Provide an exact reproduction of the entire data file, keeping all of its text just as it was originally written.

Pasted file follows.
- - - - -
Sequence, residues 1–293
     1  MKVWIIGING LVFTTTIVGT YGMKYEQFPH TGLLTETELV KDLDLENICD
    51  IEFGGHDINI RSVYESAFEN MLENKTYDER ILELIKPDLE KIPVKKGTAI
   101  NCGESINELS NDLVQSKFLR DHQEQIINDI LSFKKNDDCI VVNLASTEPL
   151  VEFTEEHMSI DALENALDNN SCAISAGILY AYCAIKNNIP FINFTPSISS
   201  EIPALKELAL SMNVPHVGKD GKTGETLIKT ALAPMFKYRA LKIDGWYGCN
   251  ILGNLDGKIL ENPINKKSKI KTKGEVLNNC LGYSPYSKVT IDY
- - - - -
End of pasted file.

Sequence, residues 1–293
     1  MKVWIIGING LVFTTTIVGT YGMKYEQFPH TGLLTETELV KDLDLENICD
    51  IEFGGHDINI RSVYESAFEN MLENKTYDER ILELIKPDLE KIPVKKGTAI
   101  NCGESINELS NDLVQSKFLR DHQEQIINDI LSFKKNDDCI VVNLASTEPL
   151  VEFTEEHMSI DALENALDNN SCAISAGILY AYCAIKNNIP FINFTPSISS
   201  EIPALKELAL SMNVPHVGKD GKTGETLIKT ALAPMFKYRA LKIDGWYGCN
   251  ILGNLDGKIL ENPINKKSKI KTKGEVLNNC LGYSPYSKVT IDY